- Evidence of domestic violence, abuse, abandonment, or neglect.
- Evidence that either parent has knowingly provided false information to the court regarding any prior or pending action regarding domestic violence, abuse, abandonment, or neglect.
- The particular parenting tasks customarily performed by each parent. This includes the division of parental responsibilities before and during the pending litigation.
- The demonstrated capacity and disposition of each parent to participate and involve themselves in the child’s school and extracurricular activities.
- The demonstrated capacity and disposition of each parent to maintain an environment for the child which is free from substance abuse.
- Each parent’s desire and ability to protect the child from the ongoing litigation.
- The developmental stages and needs of the child as well as the demonstrated capacity and disposition of each parent to meet these needs.
- Any other factor that is relevant to the determination of a specific parenting plan, including the time sharing schedule.
How to Get Custody of a Child Under 61.13 Florida Statutes When Things go South
After finding that a party has violated the parenting plan, a custody court can take several measures. All of which are also included in 61.13 Florida Statutes.
- Award the parent a sufficient amount of extra time sharing as compensation.
- Order the violating courts parent to pay reasonable court costs and attorneys’ fees incurred due to the other parent courts involvement.
- Require the party to attend the best parenting course approved by the judicial circuit.
- Order the parent to do community service. The order can’t interfere with the welfare of the plans children.
- Order the party to take on the financial burden to enforce the time sharing included in the parties parenting plan. Consequently, this is only if the child lives more than 60 miles away from the other parent.
- Modify the parenting plan.
- Impose any other reasonable sanction as a result of noncompliance with laws child custody.
How to Get Custody of a Child When Moving from Florida
Florida Statute 61.13 discusses relocation in a custody case under section 61.13001. If all parties entitled to time sharing agree to the relocation, a written agreement does the trick. The parents agreement must reflect consent to the party relocating and include a new time sharing schedule. The agreement also has to detail any transportation arrangements. All agreements are final upon written agreement of the parties subject to court ratification. However, this section of 61.13 Florida Statutes provides an additional ten days for a party to change their mind about the agreement.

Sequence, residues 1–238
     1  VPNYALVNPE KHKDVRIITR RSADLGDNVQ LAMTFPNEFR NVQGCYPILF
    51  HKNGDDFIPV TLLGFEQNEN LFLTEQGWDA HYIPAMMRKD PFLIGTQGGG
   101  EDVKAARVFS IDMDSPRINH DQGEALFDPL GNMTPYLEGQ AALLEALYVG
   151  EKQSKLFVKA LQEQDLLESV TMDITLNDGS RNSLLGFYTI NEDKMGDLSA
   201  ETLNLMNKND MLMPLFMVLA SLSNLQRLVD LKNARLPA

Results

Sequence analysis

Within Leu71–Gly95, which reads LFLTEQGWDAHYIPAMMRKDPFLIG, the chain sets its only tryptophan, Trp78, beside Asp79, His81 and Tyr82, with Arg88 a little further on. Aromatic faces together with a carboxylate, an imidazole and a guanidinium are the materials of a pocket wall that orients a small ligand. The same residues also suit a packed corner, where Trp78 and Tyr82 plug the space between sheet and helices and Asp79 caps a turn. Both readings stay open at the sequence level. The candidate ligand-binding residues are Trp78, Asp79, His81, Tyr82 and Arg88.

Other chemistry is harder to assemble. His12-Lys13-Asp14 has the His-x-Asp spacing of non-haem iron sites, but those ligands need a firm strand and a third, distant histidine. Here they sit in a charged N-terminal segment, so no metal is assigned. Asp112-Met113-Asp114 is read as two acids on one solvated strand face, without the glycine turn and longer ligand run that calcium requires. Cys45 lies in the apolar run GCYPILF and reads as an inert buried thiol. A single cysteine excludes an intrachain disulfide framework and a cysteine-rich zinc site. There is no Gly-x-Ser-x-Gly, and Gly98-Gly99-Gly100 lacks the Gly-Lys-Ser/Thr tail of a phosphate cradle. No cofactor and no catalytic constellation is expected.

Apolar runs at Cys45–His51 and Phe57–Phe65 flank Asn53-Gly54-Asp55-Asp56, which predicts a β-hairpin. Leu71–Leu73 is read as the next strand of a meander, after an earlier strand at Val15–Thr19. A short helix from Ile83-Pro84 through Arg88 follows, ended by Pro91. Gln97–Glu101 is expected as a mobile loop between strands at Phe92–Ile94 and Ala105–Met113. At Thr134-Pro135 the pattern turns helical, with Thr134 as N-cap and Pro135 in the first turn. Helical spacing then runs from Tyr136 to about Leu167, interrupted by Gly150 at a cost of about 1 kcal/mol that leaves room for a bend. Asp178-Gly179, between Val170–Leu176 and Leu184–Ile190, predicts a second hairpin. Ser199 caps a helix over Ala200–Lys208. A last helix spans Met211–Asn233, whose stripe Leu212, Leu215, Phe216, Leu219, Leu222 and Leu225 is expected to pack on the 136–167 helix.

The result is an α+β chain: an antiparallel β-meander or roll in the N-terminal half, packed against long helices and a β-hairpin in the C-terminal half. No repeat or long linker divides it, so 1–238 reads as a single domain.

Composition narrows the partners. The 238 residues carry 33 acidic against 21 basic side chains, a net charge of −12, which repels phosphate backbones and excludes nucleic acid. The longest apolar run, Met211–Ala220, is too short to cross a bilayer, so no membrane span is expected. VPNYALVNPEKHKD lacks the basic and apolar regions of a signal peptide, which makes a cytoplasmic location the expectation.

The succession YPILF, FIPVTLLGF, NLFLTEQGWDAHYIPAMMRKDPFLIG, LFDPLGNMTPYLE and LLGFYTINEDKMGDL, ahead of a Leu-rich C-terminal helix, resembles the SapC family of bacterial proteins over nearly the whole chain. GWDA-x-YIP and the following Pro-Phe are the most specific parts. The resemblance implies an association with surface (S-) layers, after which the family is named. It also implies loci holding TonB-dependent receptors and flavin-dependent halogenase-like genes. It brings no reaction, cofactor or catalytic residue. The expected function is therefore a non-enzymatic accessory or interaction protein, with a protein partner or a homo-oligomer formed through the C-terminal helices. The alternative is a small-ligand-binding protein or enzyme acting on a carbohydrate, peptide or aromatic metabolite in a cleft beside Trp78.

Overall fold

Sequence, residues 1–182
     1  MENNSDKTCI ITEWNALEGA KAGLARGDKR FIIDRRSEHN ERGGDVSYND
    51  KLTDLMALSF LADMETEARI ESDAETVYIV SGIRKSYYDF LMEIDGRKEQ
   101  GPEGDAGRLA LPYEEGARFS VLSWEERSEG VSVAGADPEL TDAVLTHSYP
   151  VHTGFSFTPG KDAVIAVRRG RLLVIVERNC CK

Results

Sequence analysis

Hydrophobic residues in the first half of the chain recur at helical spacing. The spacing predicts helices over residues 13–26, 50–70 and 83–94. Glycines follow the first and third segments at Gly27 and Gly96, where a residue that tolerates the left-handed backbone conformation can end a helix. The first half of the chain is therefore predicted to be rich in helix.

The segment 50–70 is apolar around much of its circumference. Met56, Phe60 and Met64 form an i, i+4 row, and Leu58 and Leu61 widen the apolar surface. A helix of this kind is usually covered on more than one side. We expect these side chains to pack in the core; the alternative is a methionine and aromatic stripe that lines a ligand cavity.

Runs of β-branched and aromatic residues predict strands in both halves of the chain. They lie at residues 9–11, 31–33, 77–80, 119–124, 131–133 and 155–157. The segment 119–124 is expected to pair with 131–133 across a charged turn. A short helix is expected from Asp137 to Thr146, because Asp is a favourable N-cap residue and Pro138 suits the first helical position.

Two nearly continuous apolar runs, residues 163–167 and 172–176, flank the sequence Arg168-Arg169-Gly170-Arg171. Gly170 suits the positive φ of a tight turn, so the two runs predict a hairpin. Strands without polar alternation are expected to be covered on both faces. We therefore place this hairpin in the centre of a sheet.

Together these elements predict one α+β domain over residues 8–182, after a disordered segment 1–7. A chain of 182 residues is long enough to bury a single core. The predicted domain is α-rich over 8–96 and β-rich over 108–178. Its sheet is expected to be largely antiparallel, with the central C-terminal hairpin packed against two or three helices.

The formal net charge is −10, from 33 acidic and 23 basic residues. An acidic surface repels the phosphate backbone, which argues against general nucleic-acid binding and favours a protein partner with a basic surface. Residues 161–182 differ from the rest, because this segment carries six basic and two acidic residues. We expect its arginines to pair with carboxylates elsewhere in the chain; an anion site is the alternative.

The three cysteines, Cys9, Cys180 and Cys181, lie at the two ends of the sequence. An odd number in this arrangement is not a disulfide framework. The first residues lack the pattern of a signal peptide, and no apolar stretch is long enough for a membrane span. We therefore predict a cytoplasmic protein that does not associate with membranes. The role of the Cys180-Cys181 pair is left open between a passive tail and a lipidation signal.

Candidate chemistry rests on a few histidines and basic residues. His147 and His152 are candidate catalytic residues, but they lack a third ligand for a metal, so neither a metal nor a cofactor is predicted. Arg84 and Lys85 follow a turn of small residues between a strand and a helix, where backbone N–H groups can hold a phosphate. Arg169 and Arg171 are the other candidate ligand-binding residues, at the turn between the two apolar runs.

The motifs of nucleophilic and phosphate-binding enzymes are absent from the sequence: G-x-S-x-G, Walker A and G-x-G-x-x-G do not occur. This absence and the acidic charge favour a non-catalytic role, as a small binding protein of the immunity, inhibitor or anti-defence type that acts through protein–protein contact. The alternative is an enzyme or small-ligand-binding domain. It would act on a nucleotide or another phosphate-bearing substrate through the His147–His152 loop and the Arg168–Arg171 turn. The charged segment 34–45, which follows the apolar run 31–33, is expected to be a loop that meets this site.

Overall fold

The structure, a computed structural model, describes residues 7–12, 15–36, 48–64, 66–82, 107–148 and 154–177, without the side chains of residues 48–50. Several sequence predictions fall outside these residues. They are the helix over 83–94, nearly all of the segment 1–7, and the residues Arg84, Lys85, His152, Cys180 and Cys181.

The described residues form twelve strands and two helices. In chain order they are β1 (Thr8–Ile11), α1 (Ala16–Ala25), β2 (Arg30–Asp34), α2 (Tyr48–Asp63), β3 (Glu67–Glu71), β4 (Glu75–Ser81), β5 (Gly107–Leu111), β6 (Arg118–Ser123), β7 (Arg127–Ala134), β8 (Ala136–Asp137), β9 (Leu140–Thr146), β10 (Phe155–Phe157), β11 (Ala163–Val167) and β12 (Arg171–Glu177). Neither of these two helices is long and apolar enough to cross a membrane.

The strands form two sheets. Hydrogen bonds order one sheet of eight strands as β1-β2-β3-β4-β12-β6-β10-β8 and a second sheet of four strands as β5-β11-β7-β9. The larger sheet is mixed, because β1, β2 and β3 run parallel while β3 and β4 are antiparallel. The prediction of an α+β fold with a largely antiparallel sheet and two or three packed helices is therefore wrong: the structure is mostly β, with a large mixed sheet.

If no agreement can be reached, the moving party has to file a petition requesting the relocation and the respondent files an answer. If a motion seeking temporary relocation is filed, the hearing must occur within 30 days after the motion is filed under law custody for child cases. The formal process of relocating under Florida Statute 61.13001 is meticulous. If you want to know how to get custody of a child when you want to move, you need to follow it exactly. The failure to address each court ordered element of the Florida Statute can result in its dismissal.
Click Boca Raton Child Custody Attorney today to set up a consultation and be confident that the foundation being laid for your children’s future is stable and safeguarded. Proudly Serving Boca Raton, Delray Beach, West Palm Beach and all of Palm Beach County, Florida. Assisting in all matters of Florida Family Law.
Boca Raton Child Custody Attorneys Practice Areas Include:
Simplified Dissolution of Marriage
Child Custody Laws
Florida Parenting Plan
Time Sharing In Florida
How To Get Custody Of A Child Under 61.13 Florida Statutes
Relocation Under Florida Statute 61.13001
Florida Statutes Chapter 39
Modification of Child Custody In Florida
Florida Child Support Enforcement